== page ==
A Cebu Pacific A320, part of a fleet of more than 40 but going on 100 airliners


In their own right Avalon Airport, Melbourne’s ambitious second airport, and Cebu Pacific, the Philippines second largest long haul flag carrier see themselves joining together as a dream team that can transform aviation in their respective countries.

Their aims, of taking on the air transport establishments of Australia and the Philippines, have come together in Cebu Pacific’s aim to be flying daily to Melbourne ‘very soon’. 

Both are powerfully aided by the small minds that want Sydney to turn its back on the world and stay a stagnant one airport town with no room for the forces that represent change and opportunity in the Asia-Pacific hemisphere.

As such they are players in a big story that goes way beyond Avalon Airport realising its obvious potential to compete with Melbourne’s established airport at Tullamarine, and Cebu Pacific claiming as large a slice as it can get of the rapidly growing demand for domestic and international air travel in the Philippines from the longer established Philippine Airlines.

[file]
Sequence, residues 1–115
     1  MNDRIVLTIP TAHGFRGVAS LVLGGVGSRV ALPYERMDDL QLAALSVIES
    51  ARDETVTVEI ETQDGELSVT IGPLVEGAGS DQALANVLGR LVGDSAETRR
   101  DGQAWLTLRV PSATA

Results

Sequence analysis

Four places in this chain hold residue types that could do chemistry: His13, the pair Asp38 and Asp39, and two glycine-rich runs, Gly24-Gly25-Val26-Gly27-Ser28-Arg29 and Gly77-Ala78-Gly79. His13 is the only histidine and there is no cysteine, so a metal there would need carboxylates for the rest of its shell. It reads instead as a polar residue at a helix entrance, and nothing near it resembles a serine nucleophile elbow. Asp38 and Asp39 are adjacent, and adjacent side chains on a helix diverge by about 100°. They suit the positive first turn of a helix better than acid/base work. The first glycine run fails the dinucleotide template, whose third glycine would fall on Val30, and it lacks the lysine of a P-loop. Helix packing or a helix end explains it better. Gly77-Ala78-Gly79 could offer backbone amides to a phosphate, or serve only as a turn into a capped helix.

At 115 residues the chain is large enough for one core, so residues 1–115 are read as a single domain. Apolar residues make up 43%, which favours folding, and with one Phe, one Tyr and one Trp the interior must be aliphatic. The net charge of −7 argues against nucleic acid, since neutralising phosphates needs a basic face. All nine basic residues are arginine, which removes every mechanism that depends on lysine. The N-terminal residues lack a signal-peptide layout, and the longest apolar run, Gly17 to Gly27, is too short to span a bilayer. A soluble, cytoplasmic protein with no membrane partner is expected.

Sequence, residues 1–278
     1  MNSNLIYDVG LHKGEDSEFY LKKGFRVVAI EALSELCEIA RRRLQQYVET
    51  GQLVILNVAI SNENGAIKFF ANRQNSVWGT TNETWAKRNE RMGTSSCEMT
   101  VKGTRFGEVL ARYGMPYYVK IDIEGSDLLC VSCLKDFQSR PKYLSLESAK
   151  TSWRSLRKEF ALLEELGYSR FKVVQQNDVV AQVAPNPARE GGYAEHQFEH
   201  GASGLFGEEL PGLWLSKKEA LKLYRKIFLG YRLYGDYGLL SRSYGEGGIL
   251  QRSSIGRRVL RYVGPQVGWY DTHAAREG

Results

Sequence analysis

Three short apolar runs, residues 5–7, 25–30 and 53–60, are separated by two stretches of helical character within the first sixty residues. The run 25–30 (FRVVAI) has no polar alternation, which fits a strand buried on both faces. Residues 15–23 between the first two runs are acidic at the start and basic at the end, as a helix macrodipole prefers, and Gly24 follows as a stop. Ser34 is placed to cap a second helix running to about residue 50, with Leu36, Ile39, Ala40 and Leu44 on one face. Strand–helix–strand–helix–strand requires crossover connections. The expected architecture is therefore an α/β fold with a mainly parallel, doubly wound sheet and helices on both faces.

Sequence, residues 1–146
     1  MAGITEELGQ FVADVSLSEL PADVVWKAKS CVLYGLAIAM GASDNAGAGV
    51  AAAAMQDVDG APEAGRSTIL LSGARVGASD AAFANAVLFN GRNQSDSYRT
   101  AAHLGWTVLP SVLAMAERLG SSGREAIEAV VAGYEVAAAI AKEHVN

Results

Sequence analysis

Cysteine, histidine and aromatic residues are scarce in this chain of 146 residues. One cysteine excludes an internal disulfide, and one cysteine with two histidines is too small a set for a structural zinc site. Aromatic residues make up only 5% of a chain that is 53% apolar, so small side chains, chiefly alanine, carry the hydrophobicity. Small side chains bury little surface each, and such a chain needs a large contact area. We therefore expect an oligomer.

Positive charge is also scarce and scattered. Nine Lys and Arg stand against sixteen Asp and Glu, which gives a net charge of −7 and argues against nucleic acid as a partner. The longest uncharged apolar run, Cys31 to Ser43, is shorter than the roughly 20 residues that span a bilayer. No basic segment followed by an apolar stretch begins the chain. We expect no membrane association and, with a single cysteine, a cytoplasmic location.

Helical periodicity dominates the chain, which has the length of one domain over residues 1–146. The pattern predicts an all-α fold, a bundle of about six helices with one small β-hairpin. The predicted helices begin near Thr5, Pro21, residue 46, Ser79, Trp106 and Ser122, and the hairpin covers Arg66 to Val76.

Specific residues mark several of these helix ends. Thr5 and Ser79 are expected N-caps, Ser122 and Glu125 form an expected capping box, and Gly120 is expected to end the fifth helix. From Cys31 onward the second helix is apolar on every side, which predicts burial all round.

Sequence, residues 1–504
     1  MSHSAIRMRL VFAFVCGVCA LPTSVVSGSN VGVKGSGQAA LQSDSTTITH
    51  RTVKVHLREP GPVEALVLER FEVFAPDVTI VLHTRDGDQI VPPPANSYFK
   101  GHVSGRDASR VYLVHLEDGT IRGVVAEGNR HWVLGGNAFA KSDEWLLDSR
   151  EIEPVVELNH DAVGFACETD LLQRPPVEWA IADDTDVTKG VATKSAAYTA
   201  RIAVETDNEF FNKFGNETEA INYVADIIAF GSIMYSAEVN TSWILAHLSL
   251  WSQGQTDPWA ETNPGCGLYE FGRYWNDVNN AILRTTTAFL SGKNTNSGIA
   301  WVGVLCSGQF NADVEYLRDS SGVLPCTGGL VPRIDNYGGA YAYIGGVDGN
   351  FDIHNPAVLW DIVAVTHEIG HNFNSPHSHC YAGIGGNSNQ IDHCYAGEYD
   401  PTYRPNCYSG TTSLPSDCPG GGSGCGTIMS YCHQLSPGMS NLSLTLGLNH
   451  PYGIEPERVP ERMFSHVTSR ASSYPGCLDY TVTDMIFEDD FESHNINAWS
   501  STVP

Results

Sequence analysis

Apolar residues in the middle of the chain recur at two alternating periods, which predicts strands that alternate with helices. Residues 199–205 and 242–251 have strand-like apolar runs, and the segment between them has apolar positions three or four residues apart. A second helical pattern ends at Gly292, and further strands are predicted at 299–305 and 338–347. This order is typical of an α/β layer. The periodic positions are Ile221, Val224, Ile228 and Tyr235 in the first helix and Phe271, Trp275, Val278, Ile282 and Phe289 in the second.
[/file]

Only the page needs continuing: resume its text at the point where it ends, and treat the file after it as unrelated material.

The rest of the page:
Cebu Pacific is due to start incredibly densely packed A330 flights between the Philippines and the Middle East this October and wants to add Australia to its longer range network before the end of the year. Avalon Airport has long wanted to get regular international flights to seed the expansion that has only slowly and fitfully come from the activities of Jetstar and for a while Tiger Airways.

But Avalon is already an airport. Badgerys Creek, its equivalent in Sydney, is only a site. By the time Badgerys Creek becomes an airport, and the chances of this happening are slowly improving, Cebu Pacific may well be but one of dozens of new and current Asia hemisphere airlines helping transform Victoria’s economy with new sources of business and leisure activity that couldn’t get access to Sydney and certainly weren’t going to wait for a train, fast or slow, to Canberra, to get there.

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